He makes crystal clear the difference between understanding human nature through the effects of genes - and discrimination against races, genders, etc. - as in no way being justified, no matter what the genetic puzzle yields. I am still cautious about the implications.

Stuff deleted here as past history. Moving on . . .

Note that I have changed a belief - actually I am modifying a set of related beliefs. This is not something that one does easily - an idea I hope to develop more fully in my thread on my Somatic Behavior Choice Hypothesis.

Margaret

Last edited by Margaret McGhee; April 27th, 2006 at 12:19 AM.
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  #75  
Unread April 27th, 2006, 11:16 AM
Fred H. Fred H. is offline
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Default Re: Pinker's Blank Slate

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MM: Note that I have changed a belief - actually I am modifying a set of related beliefs.
Congratulations. It’s called downward causation—seems you have some free will after all.

And keep in mind that “discrimination” not being “justified” is a moral issue—a moral choice contrary to our innate social instincts. For we see “discrimination” in nature all the time, except that it’s called “selection.” Natural selection includes sexual selection, ecological selection, stabilizing selection, disruptive selection, directional selection, etc. And then there is so-called “artificial selection,” wherein we humans get involved in the breeding of plants, animals, etc.
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  #76  
Unread April 27th, 2006, 01:14 PM
TomJrzk TomJrzk is offline
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Default Re: Pinker's Blank Slate

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Originally Posted by Fred H.
And keep in mind that “discrimination” not being “justified” is a moral issue—a moral choice contrary to our innate social instincts.
“discrimination” not being “justified” is just a matter of the social instinct called 'fairness', so it's not "contrary to our innate social instincts"; it's one of them.

I'll grant you, though, that not all humans have the same measure of the same instincts. That's why we have psychopaths and laws; and why I don't tilt against the good religions: some people need the threat of an omnicient, omnipotent fictional friend to overcome their lack of an instinctive concern for others.
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  #77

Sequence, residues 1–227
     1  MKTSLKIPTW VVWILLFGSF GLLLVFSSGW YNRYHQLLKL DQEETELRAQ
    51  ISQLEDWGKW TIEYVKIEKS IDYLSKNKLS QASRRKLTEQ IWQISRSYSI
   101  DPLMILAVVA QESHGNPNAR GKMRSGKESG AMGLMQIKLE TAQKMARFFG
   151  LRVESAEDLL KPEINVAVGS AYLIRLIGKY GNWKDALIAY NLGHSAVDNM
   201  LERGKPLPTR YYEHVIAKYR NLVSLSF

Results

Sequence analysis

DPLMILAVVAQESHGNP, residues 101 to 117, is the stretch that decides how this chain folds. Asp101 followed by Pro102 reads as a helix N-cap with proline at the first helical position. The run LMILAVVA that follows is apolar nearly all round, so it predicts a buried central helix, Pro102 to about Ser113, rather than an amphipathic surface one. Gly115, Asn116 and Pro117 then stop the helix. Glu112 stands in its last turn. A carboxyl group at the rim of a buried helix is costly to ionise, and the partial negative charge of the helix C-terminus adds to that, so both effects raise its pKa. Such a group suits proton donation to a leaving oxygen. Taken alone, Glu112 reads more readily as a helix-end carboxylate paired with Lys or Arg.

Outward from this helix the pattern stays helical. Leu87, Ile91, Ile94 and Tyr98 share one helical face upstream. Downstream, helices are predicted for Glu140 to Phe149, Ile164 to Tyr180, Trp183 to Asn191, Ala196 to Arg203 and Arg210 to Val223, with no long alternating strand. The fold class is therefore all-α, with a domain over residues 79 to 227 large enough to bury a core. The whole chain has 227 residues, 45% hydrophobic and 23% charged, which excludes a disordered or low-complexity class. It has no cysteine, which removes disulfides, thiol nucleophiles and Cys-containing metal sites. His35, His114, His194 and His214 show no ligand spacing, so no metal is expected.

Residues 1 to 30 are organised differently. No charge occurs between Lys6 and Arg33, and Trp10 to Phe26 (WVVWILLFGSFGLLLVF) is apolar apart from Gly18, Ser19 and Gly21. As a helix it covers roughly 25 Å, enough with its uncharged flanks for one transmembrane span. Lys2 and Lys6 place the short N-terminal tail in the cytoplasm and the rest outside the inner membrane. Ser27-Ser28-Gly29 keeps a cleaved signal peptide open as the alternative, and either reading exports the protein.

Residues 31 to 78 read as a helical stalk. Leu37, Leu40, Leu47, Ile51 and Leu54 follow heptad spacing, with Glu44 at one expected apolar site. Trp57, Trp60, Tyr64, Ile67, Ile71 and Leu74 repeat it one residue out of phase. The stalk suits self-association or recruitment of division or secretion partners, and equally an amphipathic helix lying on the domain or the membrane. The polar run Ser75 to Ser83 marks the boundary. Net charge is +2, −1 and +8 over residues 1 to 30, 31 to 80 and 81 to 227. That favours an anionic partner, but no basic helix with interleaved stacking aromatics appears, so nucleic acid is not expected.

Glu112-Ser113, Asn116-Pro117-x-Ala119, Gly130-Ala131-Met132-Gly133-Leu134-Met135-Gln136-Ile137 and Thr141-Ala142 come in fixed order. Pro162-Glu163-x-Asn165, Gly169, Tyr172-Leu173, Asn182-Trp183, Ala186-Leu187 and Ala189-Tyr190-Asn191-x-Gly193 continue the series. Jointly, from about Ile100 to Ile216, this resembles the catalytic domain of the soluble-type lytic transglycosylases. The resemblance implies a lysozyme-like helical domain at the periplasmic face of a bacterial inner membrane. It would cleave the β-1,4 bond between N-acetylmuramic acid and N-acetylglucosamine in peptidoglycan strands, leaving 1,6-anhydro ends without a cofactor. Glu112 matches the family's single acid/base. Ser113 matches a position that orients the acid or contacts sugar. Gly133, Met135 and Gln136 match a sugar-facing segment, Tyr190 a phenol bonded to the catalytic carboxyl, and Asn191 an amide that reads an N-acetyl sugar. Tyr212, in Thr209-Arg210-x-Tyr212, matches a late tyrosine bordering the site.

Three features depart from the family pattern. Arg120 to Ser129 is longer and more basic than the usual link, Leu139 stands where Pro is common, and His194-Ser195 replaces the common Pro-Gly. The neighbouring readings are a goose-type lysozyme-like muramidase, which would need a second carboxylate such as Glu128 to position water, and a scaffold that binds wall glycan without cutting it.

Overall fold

Unread May 5th, 2006, 12:21 PM
Margaret McGhee Margaret McGhee is offline
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Default Re: Pinker's Blank Slate

I previously stated that Chapter 10, The Fear of Determinism, was one of the best discussions of free will and determinism I have read. I still believe that. However, after reading it for the third time, I find that I disagree with one of Pinker's assertions in that chapter.

When discussing deterrence, on page 183, he states,
Quote:
The problem with broad-spectrum deterrents is that they catch innocent prople in their nets, people who could not have been deterred from committing an undesirable act to start with (such as the kin of the man who pulled the trigger, or a bystander in a lightning storm that kills the Godfather's son). Since punishment of these innocents could not possibly deter other people like them, the harm has no compensating benefit even in the long run and we consider it unjustified.
This statement was part of his discussion of the "The Deterrence Paradox" whereby the threat of punishment can deter behavior, but once the behavior is committed the punishment can no longer deter it. It can only be seen as sadism or an illogical desire to make the threat credible retroactively.

While I agree with his resolution of the paradox (on page 181), I would assert that punishing the kin of the man who pulled the trigger is often seen as effective discouragement of undesirable behavior for those who don't wish to see their family killed. Saddam Hussein seems to have understood this principle well - which is probably why he was able to hold power in Iraq for as long as he did.

Aside from deterrence, it would also seem that destroying those who share the genes of your enemy would be explainable in some evolutionary psycholgical sense - which is why I'm surprised he missed this.

I still firmly agree with the main point of this chapter whereby he dispels the two fallacies . .

a) . . that biological explanations corrode responsibilty in a way that environmental explanations do not.

b) . . that causal explanations (both biological and environmental) corrode responsibility in a way that a belief in an uncaused (free) will or soul does not.

Margaret

Last edited by Margaret McGhee; May 5th, 2006 at 01:27 PM.